Phobias and anxiety mean more pupils can't face classroom

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The Independent Online

Increasing numbers of children are refusing to attend school because they suffer from school phobia, anxiety or depression brought on by bullying or the unruly behaviour of other pupils.

Increasing numbers of children are refusing to attend school because they suffer from school phobia, anxiety or depression brought on by bullying or the unruly behaviour of other pupils.

Pupils told inspectors from Ofsted, the education watchdog, that the frightening behaviour of their classmates had made them too anxious to attend lessons. Others approached in the study of 12 local education authorities described how they felt bullied by other pupils.

Anxiety and phobia was most common among pupils at secondary school. But inspectors concluded that "the incidence of younger pupils suffering from anxiety and phobia is increasing".

Despite the growing problem, schools and local authorities are often failing to provide these vulnerable children with an adequate alternative education, the inspectors found.

The inspectors' analysis discovered pupils who had not attended school for four years.

Inspectors cited the case of a teenage boy who, because of his anxiety, had been unable to attend school or leave his house for nearly three years.

In another case a 15-year-old boy with psychiatric problems had refused to attend school for almost a year and developed a phobia about standing close to other people.

"The symptoms of pupils with anxiety, depression and phobia are sometimes not easily recognised by schools," the report concluded. "As a result these pupils can be away from school for considerable periods before they are referred to the appropriate service."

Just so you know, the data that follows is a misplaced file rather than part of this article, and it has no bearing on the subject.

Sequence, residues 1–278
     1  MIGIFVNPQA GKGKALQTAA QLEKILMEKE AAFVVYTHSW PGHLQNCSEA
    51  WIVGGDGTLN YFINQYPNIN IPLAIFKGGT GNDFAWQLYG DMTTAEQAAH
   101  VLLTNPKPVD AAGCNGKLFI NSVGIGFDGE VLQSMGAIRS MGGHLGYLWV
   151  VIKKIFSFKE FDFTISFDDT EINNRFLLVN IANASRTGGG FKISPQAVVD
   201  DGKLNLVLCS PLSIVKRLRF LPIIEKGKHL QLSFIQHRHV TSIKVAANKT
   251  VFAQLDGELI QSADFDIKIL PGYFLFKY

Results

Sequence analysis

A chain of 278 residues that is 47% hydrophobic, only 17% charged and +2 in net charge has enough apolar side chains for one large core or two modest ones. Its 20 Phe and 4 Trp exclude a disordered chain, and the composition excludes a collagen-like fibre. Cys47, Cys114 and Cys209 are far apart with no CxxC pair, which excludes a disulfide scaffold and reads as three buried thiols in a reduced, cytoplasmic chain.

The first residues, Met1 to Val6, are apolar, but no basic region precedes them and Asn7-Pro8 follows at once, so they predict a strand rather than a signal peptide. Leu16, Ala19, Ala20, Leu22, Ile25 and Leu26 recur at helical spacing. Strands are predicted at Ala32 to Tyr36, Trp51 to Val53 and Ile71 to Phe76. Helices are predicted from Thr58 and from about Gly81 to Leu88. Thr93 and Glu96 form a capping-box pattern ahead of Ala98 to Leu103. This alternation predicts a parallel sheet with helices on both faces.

Inspectors concluded that the problem was growing but said they could not quantify it as local authorities did not keep adequate records of children suffering from anxiety or phobias. Vulnerable pupils with a phobia of school are sent to pupil referral units - often called "sin bins" - where they mix with the violent and disturbed youngsters who made them afraid to attend mainstream lessons in the first place, inspectors noted.

Pupils aged 14 and 15 who suffered from anxiety were particularly difficult to reintegrate in schools, inspectors found. These teenagers often had their GCSE studies seriously disrupted.

A "small but significant" number of secondary-aged pupils were not on the roll of any school. "These are generally pupils with anxiety, depression and phobia who have not been attending their own school for long periods," inspectors said.

The Government has launched a series of initiatives to crack down on bullying. A60-second film to be shown on television and at cinemas about bullying was released last week.

Beverley Young, of Education Otherwise, the support group for parents who choose to educate their children at home, said that even more needed to be done to prevent bullying in schools.

She said: "If a child is too anxious to attend school then there is obviously a problem but too often schools prefer to sweep this under the carpet. Bullying is a tremendous problem which I believe is growing."

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